Kathleen Ruff, RightOnCanada.ca
Dramatic developments regarding closure of the Jeffrey asbestos mine
In October 2012, the newly elected Parti Québécois government of Quebec announced that it was cancelling the $58 million loan that the previous Liberal government of Jean Charest had given to the owners of the Jeffrey mine for the purpose of opening an underground mine that would export millions of tons of asbestos overseas, particularly to Asia, for years to come.
The Parti Québécois was a minority government. In April 2014, seeking a majority, it called an early election. It was defeated and the Liberal Party of Quebec, under a new leader, Philippe Couillard, regained power.
In August, it was learned that the Parti Québécois (PQ) had never, in fact, officially cancelled the $58 million loan. The necessary decree to cancel the loan had not been passed and the loan was still available. The current Minister of the Economy, Innovation and Exports, Jacques Daoust, accused the former PQ government of negligence. Daoust announced that his government has now signed the decree to cancel the loan.
Thus, the Liberal government, which just two years earlier gave the loan, cancelled the loan.
This is a dramatic reversal of policy by the Liberal Party of Quebec, which has always been a strong supporter of the asbestos industry. Just four years ago, every political party in the Quebec National Assembly, in fact, supported the mining and export of asbestos. So strong was the taboo against challenging the asbestos industry that asbestos victims and their families did not speak up publicly and no asbestos victims group existed in Quebec.
Today, not a single political party in Quebec supports the asbestos industry. First, Québec Solidaire in August 2010 called for an end to the mining and export of asbestos. Two years later, in August 2012, both the Parti Québécois and the Coalition Avenir Québec ended their support for the asbestos industry. And now the Liberal Party of Quebec has reversed its position. It is a stunning political turn-around in a very short period of time and shows that the monopoly of political power and influence by the asbestos mining companies, which, in Quebec, they exercised for over a century, can be defeated.
Asbestos traders seek compensation for “lost profits”
It is still not known how much Quebec taxpayers will be made to pay for the closure of the Jeffrey mine. When the Parti Québécois cancelled the loan in 2012, the owners of the mine asked for significant compensation, including “loss of possible profits”. Negotiations are still underway. The Minister of the Economy, Jacques Daoust, states that there is a confidential verbal agreement and that the Jeffrey mine owners have had to moderate their expectations. “I am a rather tough negotiator,” said Daoust, a former banker, and stated that he was not impressed by the argument of supposed loss of future profits. “Between what a business can ask for and what it obtains, there can be a considerable gap,” stated Daoust, “and in this case, the gap is considerable.”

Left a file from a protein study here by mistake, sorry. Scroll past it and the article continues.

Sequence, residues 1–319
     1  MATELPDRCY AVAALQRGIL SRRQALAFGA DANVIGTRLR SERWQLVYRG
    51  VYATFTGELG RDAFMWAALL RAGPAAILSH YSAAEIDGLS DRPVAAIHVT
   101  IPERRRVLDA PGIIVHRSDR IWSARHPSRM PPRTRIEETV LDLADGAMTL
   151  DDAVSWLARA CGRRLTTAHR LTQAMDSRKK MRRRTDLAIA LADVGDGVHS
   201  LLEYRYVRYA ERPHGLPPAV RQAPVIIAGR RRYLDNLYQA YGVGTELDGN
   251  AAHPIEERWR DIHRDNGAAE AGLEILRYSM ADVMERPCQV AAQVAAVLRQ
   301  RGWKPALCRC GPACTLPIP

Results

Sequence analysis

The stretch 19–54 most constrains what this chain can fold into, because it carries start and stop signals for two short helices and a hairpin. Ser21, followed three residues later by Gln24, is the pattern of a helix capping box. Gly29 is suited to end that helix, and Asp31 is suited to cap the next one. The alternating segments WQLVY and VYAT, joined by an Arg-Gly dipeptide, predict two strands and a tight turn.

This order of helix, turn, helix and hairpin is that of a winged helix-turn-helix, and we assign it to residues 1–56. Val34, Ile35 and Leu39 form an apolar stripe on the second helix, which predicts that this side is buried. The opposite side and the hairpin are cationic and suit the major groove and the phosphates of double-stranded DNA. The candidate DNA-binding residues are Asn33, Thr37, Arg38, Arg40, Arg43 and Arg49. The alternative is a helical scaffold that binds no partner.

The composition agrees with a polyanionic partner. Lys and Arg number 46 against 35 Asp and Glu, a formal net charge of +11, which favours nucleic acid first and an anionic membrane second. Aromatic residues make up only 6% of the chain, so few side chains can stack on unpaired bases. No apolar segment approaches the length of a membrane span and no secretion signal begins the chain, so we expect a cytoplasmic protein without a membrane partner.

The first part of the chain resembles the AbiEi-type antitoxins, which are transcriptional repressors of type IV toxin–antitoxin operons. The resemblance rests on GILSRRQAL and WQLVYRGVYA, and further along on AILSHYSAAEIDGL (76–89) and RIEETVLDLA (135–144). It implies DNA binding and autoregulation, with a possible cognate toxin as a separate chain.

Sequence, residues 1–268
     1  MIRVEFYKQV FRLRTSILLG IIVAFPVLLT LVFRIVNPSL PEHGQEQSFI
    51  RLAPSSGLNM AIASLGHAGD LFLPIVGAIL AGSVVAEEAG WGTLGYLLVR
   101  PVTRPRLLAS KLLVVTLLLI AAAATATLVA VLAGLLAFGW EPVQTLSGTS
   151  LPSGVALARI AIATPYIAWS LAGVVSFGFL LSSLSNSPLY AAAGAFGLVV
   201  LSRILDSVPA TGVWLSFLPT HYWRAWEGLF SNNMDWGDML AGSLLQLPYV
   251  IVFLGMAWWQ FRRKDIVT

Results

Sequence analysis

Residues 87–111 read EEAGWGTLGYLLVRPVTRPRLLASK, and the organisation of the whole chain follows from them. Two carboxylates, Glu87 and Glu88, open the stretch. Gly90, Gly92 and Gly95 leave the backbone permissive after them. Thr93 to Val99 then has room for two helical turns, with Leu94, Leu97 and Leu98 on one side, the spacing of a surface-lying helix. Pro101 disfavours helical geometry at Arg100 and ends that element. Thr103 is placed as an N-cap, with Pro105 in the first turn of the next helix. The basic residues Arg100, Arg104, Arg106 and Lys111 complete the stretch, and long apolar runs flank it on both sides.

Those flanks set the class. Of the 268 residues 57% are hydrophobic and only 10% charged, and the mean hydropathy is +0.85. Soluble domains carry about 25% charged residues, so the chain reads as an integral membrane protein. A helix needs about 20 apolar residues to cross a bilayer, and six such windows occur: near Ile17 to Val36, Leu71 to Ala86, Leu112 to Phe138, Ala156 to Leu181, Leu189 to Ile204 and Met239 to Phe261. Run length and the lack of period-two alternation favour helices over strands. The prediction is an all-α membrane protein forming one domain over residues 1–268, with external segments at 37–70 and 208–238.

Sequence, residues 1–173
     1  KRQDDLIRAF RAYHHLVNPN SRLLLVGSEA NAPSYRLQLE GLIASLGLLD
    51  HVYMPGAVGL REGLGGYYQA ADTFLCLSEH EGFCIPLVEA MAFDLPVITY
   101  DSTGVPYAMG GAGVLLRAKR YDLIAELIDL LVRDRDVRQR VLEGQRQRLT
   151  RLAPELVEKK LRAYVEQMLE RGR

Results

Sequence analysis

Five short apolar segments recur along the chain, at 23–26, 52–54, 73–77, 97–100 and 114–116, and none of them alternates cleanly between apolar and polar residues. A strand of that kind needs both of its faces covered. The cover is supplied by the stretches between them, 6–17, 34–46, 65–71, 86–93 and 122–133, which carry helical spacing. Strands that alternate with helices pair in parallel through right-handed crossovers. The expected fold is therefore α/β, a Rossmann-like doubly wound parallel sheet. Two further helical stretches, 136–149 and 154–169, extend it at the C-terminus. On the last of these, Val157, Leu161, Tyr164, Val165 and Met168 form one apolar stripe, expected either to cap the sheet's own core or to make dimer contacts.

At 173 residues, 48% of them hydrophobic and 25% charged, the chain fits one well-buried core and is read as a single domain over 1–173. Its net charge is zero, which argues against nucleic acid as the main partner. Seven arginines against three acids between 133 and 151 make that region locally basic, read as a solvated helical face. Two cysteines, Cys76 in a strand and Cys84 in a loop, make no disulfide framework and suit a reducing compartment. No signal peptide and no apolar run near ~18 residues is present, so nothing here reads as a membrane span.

An important element of the negotiations with the company was the requirement by the Quebec government that the owners of Jeffrey mine must relinquish all mineral rights as a preliminary condition. This has been done and eliminates the danger of the present or future owners of the mine site deciding to re-start asbestos mining.
A plan for the complete restoration of the mine site has been submitted to the Ministry of Natural Resources and other Quebec government ministries and to the town of Asbestos. “In two years the Jeffrey mine site will be completely decontaminated and ready to receive new industries,” said Bernard Coulombe. “Since we relinquished our mining rights, we needed to develop a plan to destroy or eliminate anything we no longer needed, and to restore the site, by ensuring that any dangerous product was removed, following state of the art rules.”
The previous PQ government promised to give $50 million over 5 years towards diversification of the region. The present government is expected to follow up with this much-needed support.
Who are the owners of the Jeffrey mine who are seeking compensation?
Until 2012, Jeffrey Mine Inc. was owned by four residents of the town of Asbestos. Bernard Coulombe, an engineer who has worked at the mine for many years, was President of the company and ran the mine. In 2012, Baljit S. Chadha, a Montreal businessman who had exported asbestos from the Jeffrey mine to India for many years, and Uran Kleosakul, a Thai businessman and asbestos industrialist, invested in Jeffrey Mine Inc. with the intention of opening an almost-complete underground mine to tap into new asbestos deposits and make profits from exporting vast amounts of asbestos to Asia.
Today, two companies jointly own Jeffrey Mine Inc. – Mineral Fibre (MF) Inc. and Ulan Global Marketing Co. Limited, a company that sells asbestos-cement roofing tiles, especially in Thailand and owned by Thai businessman, Uran Kleosakul. The major shareholder of Mineral Fibre (MF) Inc. is Chadha Companies Trust. The second shareholder is Fibre Forte Québec Inc., a company owned by Coulombe.
The directors of Jeffrey Mine Inc. are Bernard Coulombe, President; Baljit S. Chadha, Chair of the Board of Directors; Uran Kleosakul of Thailand and Andres Blazquez of Kenya.
It thus seems that half of any compensation paid by the Quebec government would go to an overseas company owned by a leading Thai businessman, Uran Kleosakul, that most of the remaining compensation would go to Baljit Chadha’s company and what is left would go to Bernard Coulombe’s company. It is not known what role Andres Bazquez from Kenya is playing.
Instead of using public funds to provide compensation to asbestos investors, the Quebec government should give the funds to asbestos victims and their families, both in Quebec and overseas.